England perplexed by riddle of Murali
Saturday 24 March 2001
England 143 Sri Lanka 144-5
Sri Lanka win by five wickets
England 143 Sri Lanka 144-5 Sri Lanka win by five wickets
It was an inauguration fit for the warrior-kings who used to rule this remote part of Sri Lanka. So it was a pity England's batsmen chose to christen it by playing like paupers. Yet their poor display paled in comparison to the one put on by a section of the police, who severely beat a spectator after he lurched drunkenly within yards of the playing area.
The incident happened as England were losing wickets faster than body fluids and its severity caused a near riot by spectators in that part of the ground. With boots and batons flying in from 30 or so khaki-clad policemen, the crowd retorted by pelting them with bottles and bricks and, for a brief moment, the carnival atmosphere looked like it was turning ugly.
With messages over the loudspeakers warning supporters not to invade the outfield, the interloper was undoubtedly a foolish man. But if he deserved to wake up with a self-inflicted hangover, there was nothing to justify all the other bruises and weals that he will feel this morning.
England, despite winning the toss, were also duffed over, though their pace bowlers did briefly threaten to fight back with four quick wickets. If, however, great strides have been made recently at Test level, their one-day game remains hamstrung by predictability. To be bowled out for 143 was self-inflicted, rather than any fault of the pitch.
Sri Lanka's response was typically aggressive and Sanath Jayasuriya scored a quick-fire 39 before falling lbw to Alan Mullally. With the captain gone, minor panic set in and the home side slid to 58 for 4 as Andrew Caddick and Darren Gough found the edge of some rashly wielded bats.
Unhappily for Graham Thorpe, playing his first international as captain, England's modest total meant that Marvan Atapattu and Russel Arnold could steady the wobble without taking risks and the match was eventually won at a canter, with five wickets and 9.1 overs to spare.
Afterwards, Thorpe admitted he had enjoyed the atmosphere but not the result. "To be bowled out for that total is not good enough," said England's stand-in captain. "It didn't have much to do with the pitch either, and we will have to give a bit more thought about how we go about constructing a score."
One way is to learn to milk spinners and it is well known around the international circuit that England's batsmen prefer pace on the ball. Even on the new pitch here at Dambulla, a strip less than three months old, Sri Lanka had no hesitation in cramming their side full of spinners. It was not as if the conditions merited it - though the ball did spin sharply for Muttiah Muralitharan - only that England's reticence against slow bowling has become something of a clichÃ©.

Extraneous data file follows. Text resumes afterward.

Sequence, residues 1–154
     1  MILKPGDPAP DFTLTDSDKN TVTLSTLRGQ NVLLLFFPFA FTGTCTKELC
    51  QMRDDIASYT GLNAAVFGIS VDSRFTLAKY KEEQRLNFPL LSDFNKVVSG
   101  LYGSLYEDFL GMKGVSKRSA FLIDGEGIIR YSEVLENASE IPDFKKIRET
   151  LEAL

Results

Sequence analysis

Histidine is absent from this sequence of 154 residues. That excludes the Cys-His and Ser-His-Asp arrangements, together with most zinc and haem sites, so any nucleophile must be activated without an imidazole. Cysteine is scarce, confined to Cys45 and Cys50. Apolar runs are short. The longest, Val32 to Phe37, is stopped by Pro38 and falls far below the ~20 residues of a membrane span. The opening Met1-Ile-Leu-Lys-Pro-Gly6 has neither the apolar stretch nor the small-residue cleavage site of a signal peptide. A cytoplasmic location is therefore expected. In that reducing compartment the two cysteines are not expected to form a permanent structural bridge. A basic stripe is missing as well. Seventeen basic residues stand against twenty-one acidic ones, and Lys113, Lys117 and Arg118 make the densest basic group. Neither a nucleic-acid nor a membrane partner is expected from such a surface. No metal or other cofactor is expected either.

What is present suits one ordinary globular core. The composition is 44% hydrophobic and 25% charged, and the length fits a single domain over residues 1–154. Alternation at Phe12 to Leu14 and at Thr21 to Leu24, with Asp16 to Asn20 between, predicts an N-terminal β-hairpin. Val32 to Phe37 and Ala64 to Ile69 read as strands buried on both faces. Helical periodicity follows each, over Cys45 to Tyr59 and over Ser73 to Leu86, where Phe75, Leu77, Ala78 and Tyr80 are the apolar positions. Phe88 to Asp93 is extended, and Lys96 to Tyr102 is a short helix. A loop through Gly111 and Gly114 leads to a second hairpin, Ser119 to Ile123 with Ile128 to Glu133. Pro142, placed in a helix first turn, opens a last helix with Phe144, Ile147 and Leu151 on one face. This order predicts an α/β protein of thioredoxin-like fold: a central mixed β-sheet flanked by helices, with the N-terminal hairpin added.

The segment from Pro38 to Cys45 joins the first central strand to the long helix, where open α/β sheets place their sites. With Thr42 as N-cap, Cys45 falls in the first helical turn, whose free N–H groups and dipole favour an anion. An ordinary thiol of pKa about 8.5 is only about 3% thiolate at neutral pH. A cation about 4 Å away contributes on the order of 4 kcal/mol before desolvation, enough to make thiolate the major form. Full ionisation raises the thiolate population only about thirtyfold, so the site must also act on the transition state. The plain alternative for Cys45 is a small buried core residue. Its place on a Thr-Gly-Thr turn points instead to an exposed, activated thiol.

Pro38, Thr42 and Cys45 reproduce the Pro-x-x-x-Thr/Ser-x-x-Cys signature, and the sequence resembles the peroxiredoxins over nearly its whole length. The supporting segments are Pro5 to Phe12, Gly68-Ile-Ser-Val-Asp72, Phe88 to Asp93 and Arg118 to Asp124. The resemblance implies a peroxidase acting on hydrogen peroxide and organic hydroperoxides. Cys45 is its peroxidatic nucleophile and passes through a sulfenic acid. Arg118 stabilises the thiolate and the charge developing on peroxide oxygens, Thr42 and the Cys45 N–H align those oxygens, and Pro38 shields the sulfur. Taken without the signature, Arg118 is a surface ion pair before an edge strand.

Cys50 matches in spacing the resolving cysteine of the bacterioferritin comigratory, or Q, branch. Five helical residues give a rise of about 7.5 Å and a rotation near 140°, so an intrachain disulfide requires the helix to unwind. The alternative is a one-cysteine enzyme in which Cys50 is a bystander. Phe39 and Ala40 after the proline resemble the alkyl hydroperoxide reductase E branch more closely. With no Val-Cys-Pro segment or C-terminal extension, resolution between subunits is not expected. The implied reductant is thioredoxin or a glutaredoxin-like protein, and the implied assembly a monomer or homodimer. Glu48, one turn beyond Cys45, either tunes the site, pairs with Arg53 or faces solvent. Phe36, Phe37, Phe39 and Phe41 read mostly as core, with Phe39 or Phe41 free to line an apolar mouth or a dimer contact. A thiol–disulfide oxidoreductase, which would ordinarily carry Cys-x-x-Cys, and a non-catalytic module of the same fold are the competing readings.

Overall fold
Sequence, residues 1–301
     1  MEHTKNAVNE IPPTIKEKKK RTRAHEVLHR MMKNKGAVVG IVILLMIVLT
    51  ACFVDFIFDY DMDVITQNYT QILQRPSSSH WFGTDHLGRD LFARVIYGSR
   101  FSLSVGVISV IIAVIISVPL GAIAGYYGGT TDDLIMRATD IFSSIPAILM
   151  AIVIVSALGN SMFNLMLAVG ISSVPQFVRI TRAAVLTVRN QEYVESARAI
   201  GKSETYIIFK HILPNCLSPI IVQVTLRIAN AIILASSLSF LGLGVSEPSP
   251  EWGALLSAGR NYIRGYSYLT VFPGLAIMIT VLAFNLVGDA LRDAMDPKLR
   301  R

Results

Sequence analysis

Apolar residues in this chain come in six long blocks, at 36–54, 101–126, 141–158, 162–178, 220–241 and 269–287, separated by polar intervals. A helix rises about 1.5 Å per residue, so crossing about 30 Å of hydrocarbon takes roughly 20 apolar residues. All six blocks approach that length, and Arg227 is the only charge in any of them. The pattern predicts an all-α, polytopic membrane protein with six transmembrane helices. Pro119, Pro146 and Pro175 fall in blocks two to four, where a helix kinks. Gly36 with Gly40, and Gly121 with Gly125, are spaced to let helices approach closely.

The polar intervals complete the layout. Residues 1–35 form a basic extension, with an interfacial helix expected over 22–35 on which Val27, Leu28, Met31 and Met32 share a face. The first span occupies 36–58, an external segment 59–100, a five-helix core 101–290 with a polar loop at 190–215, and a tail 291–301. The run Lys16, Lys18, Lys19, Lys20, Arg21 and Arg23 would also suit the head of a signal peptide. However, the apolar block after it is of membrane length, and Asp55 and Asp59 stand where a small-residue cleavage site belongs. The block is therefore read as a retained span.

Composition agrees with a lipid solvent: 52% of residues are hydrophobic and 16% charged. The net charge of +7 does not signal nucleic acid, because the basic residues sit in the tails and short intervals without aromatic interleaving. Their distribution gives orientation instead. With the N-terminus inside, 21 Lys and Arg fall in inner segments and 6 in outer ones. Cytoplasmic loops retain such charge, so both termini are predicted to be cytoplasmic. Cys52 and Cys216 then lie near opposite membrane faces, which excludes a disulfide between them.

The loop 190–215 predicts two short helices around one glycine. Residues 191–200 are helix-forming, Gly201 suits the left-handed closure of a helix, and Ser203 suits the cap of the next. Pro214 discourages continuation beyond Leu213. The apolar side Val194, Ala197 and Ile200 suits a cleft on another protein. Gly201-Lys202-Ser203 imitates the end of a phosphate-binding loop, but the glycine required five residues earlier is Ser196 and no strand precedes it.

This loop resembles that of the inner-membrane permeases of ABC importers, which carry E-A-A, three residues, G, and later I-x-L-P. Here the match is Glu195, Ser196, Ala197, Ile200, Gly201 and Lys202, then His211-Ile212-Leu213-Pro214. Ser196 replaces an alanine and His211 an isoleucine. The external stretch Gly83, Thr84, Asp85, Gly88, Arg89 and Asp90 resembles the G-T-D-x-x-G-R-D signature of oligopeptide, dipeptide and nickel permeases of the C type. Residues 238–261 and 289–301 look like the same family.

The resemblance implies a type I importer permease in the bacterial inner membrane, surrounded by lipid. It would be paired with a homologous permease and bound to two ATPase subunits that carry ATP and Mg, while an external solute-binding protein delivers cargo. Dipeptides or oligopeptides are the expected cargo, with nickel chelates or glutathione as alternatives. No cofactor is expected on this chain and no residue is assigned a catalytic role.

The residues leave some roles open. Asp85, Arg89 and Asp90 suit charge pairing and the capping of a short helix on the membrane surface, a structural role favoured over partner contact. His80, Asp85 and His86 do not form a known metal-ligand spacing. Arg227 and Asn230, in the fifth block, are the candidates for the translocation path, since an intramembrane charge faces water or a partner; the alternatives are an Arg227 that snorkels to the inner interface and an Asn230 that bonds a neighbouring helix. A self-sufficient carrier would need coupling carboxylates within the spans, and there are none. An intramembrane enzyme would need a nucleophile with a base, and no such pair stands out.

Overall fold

Muralitharan, the man of the match, took 4 for 29 and at one stage, following his dismissals of Andrew Flintoff and Craig White, was on a hat-trick. It did not materialise but neither did the white rabbit that England had produced so often during the last two Tests. In that series, England's tactic of slowing his wicket-rate worked a treat. But if it is one thing to prevent a bowler taking wickets, it is quite another taking runs at five an over, which is what England must aim to do off him and Sri Lanka's other spinners if they are to contest the next match, a day-nighter in Colombo's Premadasa stadium tomorrow.
With all but Thorpe showing an inability in this area - the captain finished unbeaten on 62 from 107 balls - it was perhaps ironic that the early breach should have been come from the opening bowler, Nuwan Zoysa, especially against a player of Alec Stewart's pedigree against pace.
Before this match, Stewart's one-day form over the past year has been stupendous. In his last 12 matches, he had scored 553 runs, at an average of 61. That figure did not look dropping here either, especially after he struck Zoysa for a mighty six over long-off. A pull for four off Chaminda Vaas followed but, just as it looked as if he was set to dominate, he played around a ball from Zoysa that came back at him and was bowled.
The wicket seemed to set the strike skittle ball rolling and Graeme Hick, despite the barnstorming century he got in the practice match on Wednesday, reverted back to his recent dithering. After playing himself in for nine balls, he holed out for two, skewing a loose drive to mid-on.
Marcus Trescothick, who struggled to find any fluency, was then bowled by the part-time off-spinner Arnold, whose figures here were considerably more flattering than those at Colombo cricket club the other day, where his two overs had cost 32 runs.
At that point, with England's score 75 for 3, the maestro Muralitharan - who was later fined 65 pre cent of his match fee and given a three-match suspended ban for dissent - stepped forward. With the wall of noise from bands veering from Mexican mariachi to straight ahead marching, his destruction of England's middle-order as five wickets were lost for 26 runs looked and sounded like bedlam. His luring of Flintoff down the pitch and into a lumbering demise was spin bowling at its apogee, though his next ball, a perfectly pitched top-spinner which White edged to slip, was not far short of perfection either.
If England harbour serious ambitions of getting back into this series, as they did in the Tests after losing at Galle, they will need to find some answers to his riddles.
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